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A parrot eagerly awaits a treat at Vogelburg in Weilrod, Germany. The park is a refuge for exotic birds once owned as pets.
A parrot eagerly awaits a treat at Vogelburg in Weilrod, Germany. The park is a refuge for exotic birds once owned as pets. (Erik Slavin/Stars and Stripes)

Much like German-speaking parrots everywhere, I envision spending my retirement in a castle atop a hill with a view of nearby forests and farms, where I eat at my whim from the hands of delighted strangers.

It’s a leisurely existence at Vogelburg, an expansive refuge for exotic birds located in the hills of the Taunus Nature Park in Weilrod. The refuge even offers birds “a species-appropriate and varied animal life by finding mates and giving them the necessary freedom to live,” according to its website. That’s a better deal than most people get.

Unfortunately, exotic birds kept as pets don’t often have it this good as they age — and some parrots can live for 80 years. They might be kept for decades in small cages, passing to different owners and developing behavioral disorders along the way.

For many of these birds, Vogelburg is both a refuge and a fresh start. For people, it’s a colorful display at each turn of this mazelike complex built with tons of slate and stones from the nearby hills and mountains.

The cobblestone paths and enclosures give it the medieval feel of castle grounds, but with accents of modern life. Street signs hang on the sides of people-sized bird homes with arches, windows frames and other materials repurposed from demolished houses.

Most of the birds live in small groups. If one spots a human with a bag of seeds purchased at the park’s vending machines, the others soon follow. The neighbors sometimes get jealous, leading to a variety of squawking and preening among the macaws of the Amazon, the cockatoos of Australia and the African jungle parrots, to name a few.

A child feeds a bird at Vogelburg, a refuge for exotic birds in Weilrod, Germany. The park is about 45 minutes north of the U.S. Army garrison in Wiesbaden.
A child feeds a bird at Vogelburg, a refuge for exotic birds in Weilrod, Germany. The park is about 45 minutes north of the U.S. Army garrison in Wiesbaden. (Erik Slavin/Stars and Stripes)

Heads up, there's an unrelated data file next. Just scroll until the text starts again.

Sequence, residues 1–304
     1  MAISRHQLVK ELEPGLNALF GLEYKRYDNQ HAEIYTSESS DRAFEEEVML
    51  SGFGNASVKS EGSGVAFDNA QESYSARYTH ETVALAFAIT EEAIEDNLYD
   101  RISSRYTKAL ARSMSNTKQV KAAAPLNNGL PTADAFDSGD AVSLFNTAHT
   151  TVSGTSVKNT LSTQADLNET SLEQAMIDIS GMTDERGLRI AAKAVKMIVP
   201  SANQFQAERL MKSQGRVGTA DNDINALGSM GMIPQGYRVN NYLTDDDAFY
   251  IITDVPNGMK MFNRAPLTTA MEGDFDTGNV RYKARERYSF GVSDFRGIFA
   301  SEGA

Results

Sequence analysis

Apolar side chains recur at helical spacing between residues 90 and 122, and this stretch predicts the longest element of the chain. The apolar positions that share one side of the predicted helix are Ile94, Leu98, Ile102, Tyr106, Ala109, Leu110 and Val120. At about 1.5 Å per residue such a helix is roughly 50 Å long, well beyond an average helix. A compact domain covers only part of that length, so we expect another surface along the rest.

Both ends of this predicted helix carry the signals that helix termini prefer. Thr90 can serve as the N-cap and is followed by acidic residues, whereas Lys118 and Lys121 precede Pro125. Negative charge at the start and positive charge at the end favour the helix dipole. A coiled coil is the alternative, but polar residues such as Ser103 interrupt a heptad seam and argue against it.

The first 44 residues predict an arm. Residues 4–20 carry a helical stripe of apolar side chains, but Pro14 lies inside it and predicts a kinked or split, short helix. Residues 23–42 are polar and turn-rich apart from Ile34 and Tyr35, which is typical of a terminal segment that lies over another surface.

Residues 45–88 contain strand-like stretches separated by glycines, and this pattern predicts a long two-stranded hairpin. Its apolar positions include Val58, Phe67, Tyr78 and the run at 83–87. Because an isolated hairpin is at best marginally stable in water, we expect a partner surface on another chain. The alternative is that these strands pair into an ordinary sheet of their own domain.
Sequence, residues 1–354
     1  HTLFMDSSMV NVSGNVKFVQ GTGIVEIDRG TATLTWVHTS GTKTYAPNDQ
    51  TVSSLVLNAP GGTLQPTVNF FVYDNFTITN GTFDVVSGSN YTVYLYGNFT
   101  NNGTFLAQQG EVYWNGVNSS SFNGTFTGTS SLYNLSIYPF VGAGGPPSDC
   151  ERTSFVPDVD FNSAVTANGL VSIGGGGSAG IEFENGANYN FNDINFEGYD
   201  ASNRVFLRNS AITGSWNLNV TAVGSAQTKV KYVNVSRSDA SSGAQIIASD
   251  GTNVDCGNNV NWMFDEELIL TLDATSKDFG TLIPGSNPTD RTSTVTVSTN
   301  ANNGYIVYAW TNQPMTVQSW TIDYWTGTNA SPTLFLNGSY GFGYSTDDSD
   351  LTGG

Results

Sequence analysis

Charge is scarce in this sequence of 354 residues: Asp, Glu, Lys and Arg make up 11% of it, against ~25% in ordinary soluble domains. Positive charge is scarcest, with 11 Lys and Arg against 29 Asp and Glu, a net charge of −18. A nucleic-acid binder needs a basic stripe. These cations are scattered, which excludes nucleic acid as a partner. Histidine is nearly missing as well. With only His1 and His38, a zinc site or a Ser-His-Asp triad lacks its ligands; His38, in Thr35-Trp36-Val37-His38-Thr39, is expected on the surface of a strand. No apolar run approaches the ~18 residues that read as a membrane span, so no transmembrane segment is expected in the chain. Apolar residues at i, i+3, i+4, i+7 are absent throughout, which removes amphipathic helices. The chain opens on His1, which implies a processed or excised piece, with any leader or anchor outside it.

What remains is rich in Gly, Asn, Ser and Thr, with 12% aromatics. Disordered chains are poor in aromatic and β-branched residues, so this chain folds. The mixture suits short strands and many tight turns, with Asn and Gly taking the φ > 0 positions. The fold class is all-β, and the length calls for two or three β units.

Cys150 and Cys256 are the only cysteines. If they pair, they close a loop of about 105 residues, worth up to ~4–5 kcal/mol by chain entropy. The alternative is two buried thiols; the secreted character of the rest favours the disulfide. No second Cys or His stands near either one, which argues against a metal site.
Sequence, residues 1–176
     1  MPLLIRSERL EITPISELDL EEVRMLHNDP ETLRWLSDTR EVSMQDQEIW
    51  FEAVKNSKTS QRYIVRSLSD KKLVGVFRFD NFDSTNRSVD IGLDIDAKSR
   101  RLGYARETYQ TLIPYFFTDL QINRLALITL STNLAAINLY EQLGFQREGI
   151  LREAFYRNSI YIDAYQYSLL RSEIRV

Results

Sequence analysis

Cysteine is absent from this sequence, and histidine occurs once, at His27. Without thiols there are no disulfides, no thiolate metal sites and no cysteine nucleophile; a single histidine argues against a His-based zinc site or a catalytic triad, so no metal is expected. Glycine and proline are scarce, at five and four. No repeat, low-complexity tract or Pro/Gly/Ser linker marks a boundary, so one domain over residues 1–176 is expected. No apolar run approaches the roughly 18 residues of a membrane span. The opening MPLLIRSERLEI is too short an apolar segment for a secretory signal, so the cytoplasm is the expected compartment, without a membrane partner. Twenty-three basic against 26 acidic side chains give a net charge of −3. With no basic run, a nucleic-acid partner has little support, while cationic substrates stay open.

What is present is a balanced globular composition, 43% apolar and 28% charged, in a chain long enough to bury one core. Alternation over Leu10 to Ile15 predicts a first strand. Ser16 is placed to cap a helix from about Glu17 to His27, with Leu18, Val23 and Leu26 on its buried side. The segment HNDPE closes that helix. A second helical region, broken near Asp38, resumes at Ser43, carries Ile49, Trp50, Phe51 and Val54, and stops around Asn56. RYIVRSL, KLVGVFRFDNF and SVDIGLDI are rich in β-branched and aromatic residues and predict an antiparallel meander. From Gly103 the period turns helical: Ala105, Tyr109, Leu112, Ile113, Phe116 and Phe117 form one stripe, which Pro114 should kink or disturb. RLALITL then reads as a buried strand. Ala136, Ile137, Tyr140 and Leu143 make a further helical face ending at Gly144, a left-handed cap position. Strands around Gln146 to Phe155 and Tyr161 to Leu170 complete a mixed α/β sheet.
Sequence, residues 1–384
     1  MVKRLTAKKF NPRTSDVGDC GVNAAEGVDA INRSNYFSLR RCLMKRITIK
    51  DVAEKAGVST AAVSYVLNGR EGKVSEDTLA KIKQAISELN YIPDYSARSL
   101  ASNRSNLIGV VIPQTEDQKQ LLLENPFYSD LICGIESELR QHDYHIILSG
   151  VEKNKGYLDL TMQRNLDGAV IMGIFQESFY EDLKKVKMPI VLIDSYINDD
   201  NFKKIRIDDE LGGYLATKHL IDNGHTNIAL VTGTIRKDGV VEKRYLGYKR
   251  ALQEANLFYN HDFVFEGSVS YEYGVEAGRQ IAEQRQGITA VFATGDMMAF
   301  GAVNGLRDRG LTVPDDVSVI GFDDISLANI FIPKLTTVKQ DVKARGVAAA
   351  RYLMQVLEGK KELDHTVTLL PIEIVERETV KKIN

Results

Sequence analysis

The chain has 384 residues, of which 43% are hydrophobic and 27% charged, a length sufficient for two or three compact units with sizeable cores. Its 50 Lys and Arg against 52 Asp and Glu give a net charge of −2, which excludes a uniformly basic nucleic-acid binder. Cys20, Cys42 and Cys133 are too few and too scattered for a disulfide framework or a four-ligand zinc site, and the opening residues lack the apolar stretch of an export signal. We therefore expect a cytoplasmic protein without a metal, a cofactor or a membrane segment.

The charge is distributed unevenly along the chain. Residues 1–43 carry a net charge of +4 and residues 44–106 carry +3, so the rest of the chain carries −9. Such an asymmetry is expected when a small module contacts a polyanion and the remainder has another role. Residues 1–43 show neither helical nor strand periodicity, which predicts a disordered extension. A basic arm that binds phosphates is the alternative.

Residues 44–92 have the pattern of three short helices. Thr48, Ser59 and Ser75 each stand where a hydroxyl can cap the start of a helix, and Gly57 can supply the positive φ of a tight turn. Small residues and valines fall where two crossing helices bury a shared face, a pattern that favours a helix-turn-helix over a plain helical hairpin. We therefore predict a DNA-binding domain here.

Cockatoos gather as onlookers with food approach an enclosure at Vogelburg in Weilrod, Germany. The park serves as an educational center and refuge for exotic birds.
Cockatoos gather as onlookers with food approach an enclosure at Vogelburg in Weilrod, Germany. The park serves as an educational center and refuge for exotic birds. (Erik Slavin/Stars and Stripes)

While most of the birds remain in their homes, there is an area where visitors can meet a few up close. I’ve held smaller birds before, but it’s another experience entirely to have a large parrot on your arm.

When you’re ready for a bird break, head to the restaurant.

The spiessbraten, pork shoulder and onions grilled on site over beechwood, is the signature dish and a great value.

The bratwurst and other sausages are handmade, as are the salads and desserts. Unless you have special dietary needs, don’t bother packing a lunch.

A trip to Vogelburg can be paired on a short vacation with excursions through the Taunus park’s many hiking trails or a paddling trip down the Lahn River.

But I was surprised, as someone who likes birds but isn’t a fanatic about them, at just how much time I spent at Vogelburg. There’s something to be said for a nice day out with good company who seem happy to be there, living out their golden years.

Vogelburg’s “castle complex” includes a maze-like path of buildings made from local stone, giving birds their own homes. Several of the buildings have doors, ornaments and other recycled elements of demolished homes.
Vogelburg’s “castle complex” includes a maze-like path of buildings made from local stone, giving birds their own homes. Several of the buildings have doors, ornaments and other recycled elements of demolished homes. (Erik Slavin/Stars and Stripes)

Vogelburg

Address: Vogelpark 1, 61276 Weilrod-Hasselbach

Hours: 10 a.m.-6 p.m. daily from March 15-Oct. 31; open same hours from Nov. 1-March 14 but only on Sundays and holidays.

Cost: 8 euros for a single adult ticket, 6 euros for children ages 2-14; discounts for groups of 20 or more are available.

Food: A good restaurant on site for people; for birds, they’re allowed to be fed only the mix from the park’s vending machines.

Information: Online: vogelburg.de; email: info@vogelburg.de; Phone: +49 6083-1040

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